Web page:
If you can time a second pregnancy between 18 and 23 months after you first give birth, that may be best for the new baby's health, research suggests.
Conceiving less than 17 months after giving birth can carry a bit more risk of your baby being born prematurely and underweight: the risk is biggest if the gap is less than six months.
If you wait more than five years after a previous birth to have another baby, that can also make a premature or underweight birth a bit more likely.
benefits of bigger age gaps
Some mums swear by waiting until the firstborn is older before trying for a sibling. They think an older child will be able to cope with having a new baby at home better.
An older first child will understand more and you might be able to talk it over with them first. Plus, they've had plenty of time with you already! You may also appreciate being able to give your body more time to recover. And the same can be true of the family finances.
why small age gaps work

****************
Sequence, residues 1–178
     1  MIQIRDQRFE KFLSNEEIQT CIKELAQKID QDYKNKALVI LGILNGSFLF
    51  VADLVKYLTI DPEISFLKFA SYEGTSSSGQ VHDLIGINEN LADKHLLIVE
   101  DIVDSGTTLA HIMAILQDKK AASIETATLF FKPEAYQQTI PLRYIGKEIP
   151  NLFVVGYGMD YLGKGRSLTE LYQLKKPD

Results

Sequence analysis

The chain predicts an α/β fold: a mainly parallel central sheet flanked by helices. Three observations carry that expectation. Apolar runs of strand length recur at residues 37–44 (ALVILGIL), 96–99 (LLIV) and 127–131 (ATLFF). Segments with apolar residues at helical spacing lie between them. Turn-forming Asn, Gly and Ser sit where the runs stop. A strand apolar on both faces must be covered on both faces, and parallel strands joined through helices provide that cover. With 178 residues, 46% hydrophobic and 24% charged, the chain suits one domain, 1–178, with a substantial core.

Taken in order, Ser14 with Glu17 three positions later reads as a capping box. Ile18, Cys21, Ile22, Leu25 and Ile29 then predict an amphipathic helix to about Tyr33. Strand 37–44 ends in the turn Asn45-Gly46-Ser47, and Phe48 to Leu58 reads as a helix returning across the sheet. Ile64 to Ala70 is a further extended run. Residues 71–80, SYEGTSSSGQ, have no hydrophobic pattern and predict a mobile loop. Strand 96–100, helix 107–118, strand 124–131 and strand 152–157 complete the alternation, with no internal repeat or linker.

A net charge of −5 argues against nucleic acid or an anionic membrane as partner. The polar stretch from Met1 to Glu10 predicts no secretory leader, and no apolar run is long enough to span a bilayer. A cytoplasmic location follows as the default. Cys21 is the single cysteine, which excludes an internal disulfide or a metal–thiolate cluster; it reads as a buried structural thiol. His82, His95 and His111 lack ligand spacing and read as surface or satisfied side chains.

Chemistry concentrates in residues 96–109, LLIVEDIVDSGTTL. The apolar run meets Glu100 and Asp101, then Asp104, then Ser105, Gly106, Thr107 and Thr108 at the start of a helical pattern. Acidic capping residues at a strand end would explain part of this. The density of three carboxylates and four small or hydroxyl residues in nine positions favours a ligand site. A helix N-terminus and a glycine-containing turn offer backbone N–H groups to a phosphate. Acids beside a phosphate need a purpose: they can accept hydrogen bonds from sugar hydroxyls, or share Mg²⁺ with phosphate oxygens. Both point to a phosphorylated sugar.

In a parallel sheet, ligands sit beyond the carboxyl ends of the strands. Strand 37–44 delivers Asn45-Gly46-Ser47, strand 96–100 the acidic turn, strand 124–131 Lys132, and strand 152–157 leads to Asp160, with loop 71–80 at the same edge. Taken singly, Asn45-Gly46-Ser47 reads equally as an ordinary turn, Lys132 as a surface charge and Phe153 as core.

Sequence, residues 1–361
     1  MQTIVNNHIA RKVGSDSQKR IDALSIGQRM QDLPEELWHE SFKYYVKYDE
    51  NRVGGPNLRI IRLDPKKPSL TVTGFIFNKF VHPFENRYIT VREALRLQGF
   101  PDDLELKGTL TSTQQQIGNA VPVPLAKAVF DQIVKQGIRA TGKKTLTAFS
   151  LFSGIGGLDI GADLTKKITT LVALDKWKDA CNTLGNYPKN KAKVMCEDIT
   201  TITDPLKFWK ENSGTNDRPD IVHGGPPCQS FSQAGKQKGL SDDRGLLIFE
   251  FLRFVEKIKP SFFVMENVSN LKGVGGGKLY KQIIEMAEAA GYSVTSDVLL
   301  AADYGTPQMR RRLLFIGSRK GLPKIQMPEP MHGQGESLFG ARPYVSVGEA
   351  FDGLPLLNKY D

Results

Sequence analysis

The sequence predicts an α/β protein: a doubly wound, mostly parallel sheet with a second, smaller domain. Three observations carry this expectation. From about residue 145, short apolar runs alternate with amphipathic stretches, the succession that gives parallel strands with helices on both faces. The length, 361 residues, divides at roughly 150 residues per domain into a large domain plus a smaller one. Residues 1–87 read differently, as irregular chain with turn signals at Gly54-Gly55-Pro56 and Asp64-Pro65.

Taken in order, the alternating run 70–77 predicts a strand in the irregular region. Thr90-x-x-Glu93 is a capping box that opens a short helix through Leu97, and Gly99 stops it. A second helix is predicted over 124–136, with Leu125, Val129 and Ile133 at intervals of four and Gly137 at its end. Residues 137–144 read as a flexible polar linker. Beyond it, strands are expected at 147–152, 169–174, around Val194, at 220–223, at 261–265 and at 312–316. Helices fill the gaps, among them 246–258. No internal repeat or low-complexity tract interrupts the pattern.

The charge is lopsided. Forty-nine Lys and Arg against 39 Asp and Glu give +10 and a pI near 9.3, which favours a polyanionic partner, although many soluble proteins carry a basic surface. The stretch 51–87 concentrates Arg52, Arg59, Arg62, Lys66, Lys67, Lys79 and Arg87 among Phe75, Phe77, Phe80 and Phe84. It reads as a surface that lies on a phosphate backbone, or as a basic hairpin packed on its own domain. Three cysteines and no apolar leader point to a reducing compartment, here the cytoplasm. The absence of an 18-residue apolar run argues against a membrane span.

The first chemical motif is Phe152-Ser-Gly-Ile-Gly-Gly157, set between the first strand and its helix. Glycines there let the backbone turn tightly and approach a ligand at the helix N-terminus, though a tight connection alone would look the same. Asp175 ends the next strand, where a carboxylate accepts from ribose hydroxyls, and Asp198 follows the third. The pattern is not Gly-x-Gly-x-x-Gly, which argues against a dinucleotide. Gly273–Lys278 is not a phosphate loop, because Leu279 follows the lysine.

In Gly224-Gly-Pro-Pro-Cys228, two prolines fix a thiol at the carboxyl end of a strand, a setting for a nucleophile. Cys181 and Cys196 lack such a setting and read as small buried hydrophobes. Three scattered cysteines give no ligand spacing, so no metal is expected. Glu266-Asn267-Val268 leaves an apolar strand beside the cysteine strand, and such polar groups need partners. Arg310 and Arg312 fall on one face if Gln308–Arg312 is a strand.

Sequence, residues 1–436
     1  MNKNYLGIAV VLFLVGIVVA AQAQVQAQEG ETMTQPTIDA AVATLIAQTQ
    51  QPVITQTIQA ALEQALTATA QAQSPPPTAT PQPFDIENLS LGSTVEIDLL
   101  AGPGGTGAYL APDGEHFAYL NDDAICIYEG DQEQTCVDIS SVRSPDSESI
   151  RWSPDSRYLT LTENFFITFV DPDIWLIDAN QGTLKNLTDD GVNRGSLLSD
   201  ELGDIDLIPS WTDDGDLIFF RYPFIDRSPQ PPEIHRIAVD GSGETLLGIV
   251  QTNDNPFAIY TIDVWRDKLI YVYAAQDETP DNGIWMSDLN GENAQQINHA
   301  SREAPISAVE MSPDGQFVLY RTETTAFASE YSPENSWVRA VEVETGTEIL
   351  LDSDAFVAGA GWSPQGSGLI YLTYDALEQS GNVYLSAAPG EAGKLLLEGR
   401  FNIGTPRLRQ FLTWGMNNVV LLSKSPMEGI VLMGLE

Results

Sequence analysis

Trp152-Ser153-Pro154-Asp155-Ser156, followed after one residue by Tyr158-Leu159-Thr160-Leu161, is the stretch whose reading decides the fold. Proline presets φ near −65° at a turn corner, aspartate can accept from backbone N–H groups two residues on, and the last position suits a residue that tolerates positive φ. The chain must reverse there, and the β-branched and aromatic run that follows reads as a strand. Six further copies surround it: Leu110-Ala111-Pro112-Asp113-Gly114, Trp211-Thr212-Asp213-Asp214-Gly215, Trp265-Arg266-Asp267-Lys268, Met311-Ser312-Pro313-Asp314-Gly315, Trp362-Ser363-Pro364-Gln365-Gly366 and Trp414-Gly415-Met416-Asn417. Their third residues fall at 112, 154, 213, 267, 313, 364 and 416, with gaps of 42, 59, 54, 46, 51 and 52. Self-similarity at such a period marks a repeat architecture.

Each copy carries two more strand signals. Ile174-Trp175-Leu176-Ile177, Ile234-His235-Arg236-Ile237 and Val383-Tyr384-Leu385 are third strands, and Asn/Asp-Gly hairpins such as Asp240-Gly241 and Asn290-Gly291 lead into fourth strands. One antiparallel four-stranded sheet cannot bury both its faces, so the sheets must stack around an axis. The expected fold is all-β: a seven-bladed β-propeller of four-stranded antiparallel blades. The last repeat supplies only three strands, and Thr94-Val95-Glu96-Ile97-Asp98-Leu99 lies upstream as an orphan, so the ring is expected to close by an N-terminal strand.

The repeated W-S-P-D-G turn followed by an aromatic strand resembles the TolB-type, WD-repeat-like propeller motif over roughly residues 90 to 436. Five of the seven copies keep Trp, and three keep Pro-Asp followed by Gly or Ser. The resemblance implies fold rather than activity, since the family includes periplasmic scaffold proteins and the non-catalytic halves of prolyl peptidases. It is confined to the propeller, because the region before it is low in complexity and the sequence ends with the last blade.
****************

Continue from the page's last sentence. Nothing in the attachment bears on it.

Other families find they really benefit from having siblings who are close in age. They're more likely to become fast friends and playmates who will share interests and look out for each other.
Some parents appreciate squeezing those messy, tiring nappy years into a single, shorter period of time, even if it is pretty exhausting at the time. You may also find it's easier to organise childcare for children of similar ages.
watching your biological clock
If you have your first child when you're older, that might affect your decision about when to try for a sibling. It's not something that the under-30s are likely to have to factor in, but fertility declines significantly after 35. So if you've had your first child after then and would like a second, you might want to start as soon as your health allows.
Many women still conceive successfully in their 40s, however, so longer age gaps may still be possible.